Facebook is flush with cash, and it is willing spend big on becoming a major player in video.
Rumor has it the social media behemoth will soon be spending upwards of $1.2 billion dollars to create original content for its platform.
And total investment could be more depending on the success of the programming. The impending investment in video content outpaces earlier investments – including live-video deals made last year.
Facebook’s stated goal is to position itself as what CEO Mark Zuckerberg calls a “video-first” platform. As consumers migrate from television to digital devices, Facebook looks to compete with other major and deep-pocketed players such as Apple, Amazon, Netflix, and Time Warner Cable’s HBO platform.
“Our read-through is that Facebook is likely willing to spend billions of dollars to buy rights for content that might otherwise appear on TV,” Pivotal Research analyst Brian Wieser wrote in a recent note.
The major move into video only makes sense as Facebook looks to expand into new avenues of revenue as it core business begins to slow down.
Zuckerberg has previously resisted paying for video content, but has relaxed his views somewhat, confident that eventually the expansion will be financed through an ad revenue-sharing model.
The good news is that controlling eyeballs of consumers is one of Facebook’s advantages over other players. Facebook boasts a whopping 2 billion users, more than a quarter of population of planet earth!
Facebook is also looking to expand its reach into the sporting realm. They recently bid more than $600 million for the rights to stream cricket matches in India from 2018-2022. Yes, Cricket!.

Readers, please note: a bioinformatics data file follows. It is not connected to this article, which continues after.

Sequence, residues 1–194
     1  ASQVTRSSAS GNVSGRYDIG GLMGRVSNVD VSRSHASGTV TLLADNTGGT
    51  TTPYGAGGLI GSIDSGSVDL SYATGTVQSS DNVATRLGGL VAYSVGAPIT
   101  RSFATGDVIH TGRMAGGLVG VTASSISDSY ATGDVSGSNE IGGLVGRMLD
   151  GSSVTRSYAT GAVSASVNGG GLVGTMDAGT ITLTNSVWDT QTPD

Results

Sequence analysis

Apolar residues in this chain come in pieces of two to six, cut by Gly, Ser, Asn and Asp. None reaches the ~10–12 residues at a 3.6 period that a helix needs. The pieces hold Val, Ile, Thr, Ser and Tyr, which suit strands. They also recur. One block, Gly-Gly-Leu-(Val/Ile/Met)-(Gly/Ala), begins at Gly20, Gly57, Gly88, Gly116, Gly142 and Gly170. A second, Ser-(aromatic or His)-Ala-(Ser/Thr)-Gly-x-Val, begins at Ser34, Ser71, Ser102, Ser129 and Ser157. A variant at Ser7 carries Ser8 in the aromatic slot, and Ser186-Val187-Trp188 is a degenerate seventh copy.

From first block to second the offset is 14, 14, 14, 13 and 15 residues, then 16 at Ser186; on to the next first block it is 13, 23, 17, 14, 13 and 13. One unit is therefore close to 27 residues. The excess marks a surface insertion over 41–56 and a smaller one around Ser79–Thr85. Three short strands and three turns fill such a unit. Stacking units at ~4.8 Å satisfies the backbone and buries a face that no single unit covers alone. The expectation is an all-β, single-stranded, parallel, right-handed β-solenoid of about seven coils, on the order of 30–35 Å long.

The move did not come to fruition however, having lost its bid to 21st Century Fox’s Star India which reportedly bid $3.2 billion for digital-streaming and broadcast right. Who knew that Cricket was so popular!
Bidding over $600 million to broadcast cricket matches in India surely raised some eyebrows in the industry. After all, the Indian advertising market is a fraction of what it is in the United States.
The company is also reportedly in negotiations with record companies to secure the rights to music intended to be available for users to play as background music in the videos they upload to Facebook.
CEO Mark Zuckerberg recently approved a budget of more than $100 million to pay publishers to use its live-video product. As a result, one in five videos posted on the site are live broadcasts.
The bottom line is that video will be driving the internet for many years to come, and there will be tens of billions of dollars spent to gain consumer attention going forward.
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